- Peter Singer said; “If it is in our power to prevent something bad from happening, without thereby sacrificing anything of comparable moral importance, we ought, morally, to do it” (Famine, Affluence, and Morality). As human beings, we have a moral compulsion to help other people, despite the verity that they may be strangers, especially when whatever type of aid we may render can in no approach have a more significant consequence on our own life. For instance, it was an extremely sunny day in Ghana, West Africa, and I had gone out to the well to fetch water.... [tags: Ethics]
1924 words (5.5 pages)
- CORPORATE SOCIAL RESPONSIBILITY [CSR] Activities of firms that add to social welfare, past what is required revenue driven amplification, are delegated Corporate Social Responsibility (CSR). The acknowledgment of CSR by business researchers and experts has a spotted history. While researchers bantered about the authenticity of CSR, shoppers and financial specialists grew clear inclinations for socially dependable firms. Huge enterprises, in expansive part, reacted emphatically, making CSR a critical component of vital administration.... [tags: Corporate social responsibility]
1055 words (3 pages)
- The most used definition in relation to CSR is based on Carroll 's (1979) statement that “the social responsibility of business encompasses the economic, legal, ethical, and discretionary expectations that society has of organizations at a given point in time.” (cited in Fontaine, 2013). CSR is the carrier of many names such as “citizenship”, “social performance”, “corporate conscience” or “sustainable responsible business” (Fontaine, 2013). To understand to broad aspect of CSR, it must be considered for a complex perspective.... [tags: Corporate social responsibility]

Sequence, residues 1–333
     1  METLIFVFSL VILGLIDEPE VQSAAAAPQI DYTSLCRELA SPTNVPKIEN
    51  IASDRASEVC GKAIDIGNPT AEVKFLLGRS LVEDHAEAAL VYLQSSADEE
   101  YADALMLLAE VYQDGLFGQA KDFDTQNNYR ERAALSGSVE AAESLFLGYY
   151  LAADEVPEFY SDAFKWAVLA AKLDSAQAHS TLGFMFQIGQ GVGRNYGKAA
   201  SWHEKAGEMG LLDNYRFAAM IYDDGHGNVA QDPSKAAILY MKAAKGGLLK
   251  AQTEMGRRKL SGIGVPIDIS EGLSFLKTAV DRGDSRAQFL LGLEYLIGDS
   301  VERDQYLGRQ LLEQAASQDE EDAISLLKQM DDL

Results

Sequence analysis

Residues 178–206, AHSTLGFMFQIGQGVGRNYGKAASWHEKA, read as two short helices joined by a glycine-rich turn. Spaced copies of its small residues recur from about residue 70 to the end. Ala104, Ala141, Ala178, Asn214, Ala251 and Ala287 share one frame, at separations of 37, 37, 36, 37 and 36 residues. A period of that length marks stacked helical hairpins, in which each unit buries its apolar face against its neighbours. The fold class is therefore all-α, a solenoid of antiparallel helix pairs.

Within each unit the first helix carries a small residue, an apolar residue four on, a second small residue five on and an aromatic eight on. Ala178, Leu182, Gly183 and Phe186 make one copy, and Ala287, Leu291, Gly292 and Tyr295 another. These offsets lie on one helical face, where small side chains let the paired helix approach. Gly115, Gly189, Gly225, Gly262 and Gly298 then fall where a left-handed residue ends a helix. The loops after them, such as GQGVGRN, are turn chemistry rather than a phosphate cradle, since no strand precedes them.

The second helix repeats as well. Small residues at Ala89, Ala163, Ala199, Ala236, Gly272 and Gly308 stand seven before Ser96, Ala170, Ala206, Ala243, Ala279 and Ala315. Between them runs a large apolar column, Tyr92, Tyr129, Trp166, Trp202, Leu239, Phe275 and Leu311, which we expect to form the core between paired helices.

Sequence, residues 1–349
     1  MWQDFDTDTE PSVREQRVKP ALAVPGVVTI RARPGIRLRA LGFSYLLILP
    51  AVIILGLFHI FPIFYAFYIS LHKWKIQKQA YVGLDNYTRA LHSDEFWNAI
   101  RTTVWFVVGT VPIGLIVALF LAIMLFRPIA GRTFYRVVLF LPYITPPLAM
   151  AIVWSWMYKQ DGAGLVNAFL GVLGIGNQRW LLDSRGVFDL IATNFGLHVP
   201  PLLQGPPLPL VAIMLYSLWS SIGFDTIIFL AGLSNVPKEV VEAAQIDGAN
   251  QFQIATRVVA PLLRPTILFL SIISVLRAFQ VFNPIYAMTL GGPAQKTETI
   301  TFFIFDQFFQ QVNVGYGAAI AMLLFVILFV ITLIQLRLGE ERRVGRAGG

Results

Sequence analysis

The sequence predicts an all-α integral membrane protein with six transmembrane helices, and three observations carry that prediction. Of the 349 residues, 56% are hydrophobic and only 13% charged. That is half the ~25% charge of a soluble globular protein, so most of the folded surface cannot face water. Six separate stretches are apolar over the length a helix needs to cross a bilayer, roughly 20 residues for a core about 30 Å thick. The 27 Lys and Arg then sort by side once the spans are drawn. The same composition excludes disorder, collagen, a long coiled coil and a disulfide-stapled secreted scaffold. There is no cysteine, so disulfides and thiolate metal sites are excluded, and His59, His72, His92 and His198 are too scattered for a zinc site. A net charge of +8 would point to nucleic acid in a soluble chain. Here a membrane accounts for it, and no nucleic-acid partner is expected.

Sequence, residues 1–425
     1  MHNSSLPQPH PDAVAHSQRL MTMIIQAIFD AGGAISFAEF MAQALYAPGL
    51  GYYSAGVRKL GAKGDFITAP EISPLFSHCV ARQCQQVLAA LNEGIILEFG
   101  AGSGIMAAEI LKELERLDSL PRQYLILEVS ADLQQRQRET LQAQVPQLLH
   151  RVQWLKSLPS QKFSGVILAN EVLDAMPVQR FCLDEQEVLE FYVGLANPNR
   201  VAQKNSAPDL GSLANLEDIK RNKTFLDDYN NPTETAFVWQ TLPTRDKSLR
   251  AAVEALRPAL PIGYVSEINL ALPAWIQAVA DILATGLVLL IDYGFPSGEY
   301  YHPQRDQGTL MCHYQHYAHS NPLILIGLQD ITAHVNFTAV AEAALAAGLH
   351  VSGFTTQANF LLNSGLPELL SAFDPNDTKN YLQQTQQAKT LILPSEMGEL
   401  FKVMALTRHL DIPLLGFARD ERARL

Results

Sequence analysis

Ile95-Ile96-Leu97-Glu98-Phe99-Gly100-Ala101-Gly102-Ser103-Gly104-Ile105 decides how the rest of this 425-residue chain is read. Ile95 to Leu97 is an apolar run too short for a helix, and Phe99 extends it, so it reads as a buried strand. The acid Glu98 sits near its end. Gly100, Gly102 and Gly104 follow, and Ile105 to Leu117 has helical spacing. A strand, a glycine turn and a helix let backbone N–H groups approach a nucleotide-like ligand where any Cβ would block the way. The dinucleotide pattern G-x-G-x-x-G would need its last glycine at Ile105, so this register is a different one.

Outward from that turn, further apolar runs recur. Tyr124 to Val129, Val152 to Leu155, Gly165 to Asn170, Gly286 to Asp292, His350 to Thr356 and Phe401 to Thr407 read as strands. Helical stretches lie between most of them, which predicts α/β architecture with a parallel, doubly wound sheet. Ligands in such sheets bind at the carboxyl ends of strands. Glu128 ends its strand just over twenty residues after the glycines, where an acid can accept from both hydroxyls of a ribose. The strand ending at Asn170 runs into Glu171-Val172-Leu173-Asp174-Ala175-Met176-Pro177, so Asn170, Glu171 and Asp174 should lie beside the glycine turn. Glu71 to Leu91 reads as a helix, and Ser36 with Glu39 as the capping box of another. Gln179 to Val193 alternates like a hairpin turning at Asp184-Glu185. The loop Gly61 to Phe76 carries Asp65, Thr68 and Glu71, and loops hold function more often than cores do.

1155 words (3.3 pages)
- Regarding the notion of the ‘free will,’ it is clear that the issue of determinism and freedom based on a moral obligation seems probable in life. Precisely, this is because both the first part and second parts are compatible in nature. All the two constituents of the Compatibilism entail liberty and necessity the way David Hume supposed his clear claims, and therefore determinism is considered a true element. However, another philosopher may argue that freedom may exists regardless of the fact that determinism may be not true and still implies a necessity; a moral responsibility.... [tags: Free will, Causality, Human, Ontology]
1132 words (3.2 pages)
- ... When employees, both current and prospective, realise that the organisation is aiming for more than just financial profitability, they will be more inclined to increase their commitment and productivity within the organisation; leading to organisational commitment. Various studies also prove that CSR will strongly influence organisational commitment. A.Chatman (1989) has observed that when the person-organisation fit is high, employees will feel more competent, more efficient and exhibit extra role behaviours.... [tags: companies, ethical and moral behaviors]
777 words (2.2 pages)
- The public life of political servants is characterized by other duties and obligations than private life. Conflicts can even arise between a person's public and private duties. The central point of this paper is to examine whether this difference of duties can be regarded as an effect of different forms of obligation. Can we speak of a particular form of political obligation in the same way in which Kant distinguishes between ethical and legal obligation, the former pertaining to intentions and the latter to external aspects of the action.... [tags: What is Politics?]
4065 words (11.6 pages)
- The Confucian Filial Obligation and Care for Aged Parents ABSTRACT: Some moral philosophers in the West (e.g., Norman Daniels and Jane English) hold that adult children have no more moral obligation to support their elderly parents than does any other person in the society, no matter how much sacrifice their parents made for them or what misery their parents are presently suffering. This is because children do not ask to be brought into the world or to be adopted. Therefore, there is a "basic asymmetry between parental and the filial obligations." I argue against the Daniels/English thesis by employing the traditional Confucian view of the nature of filial obligation.... [tags: Asian Philosphy Chinese Research]
5436 words (15.5 pages)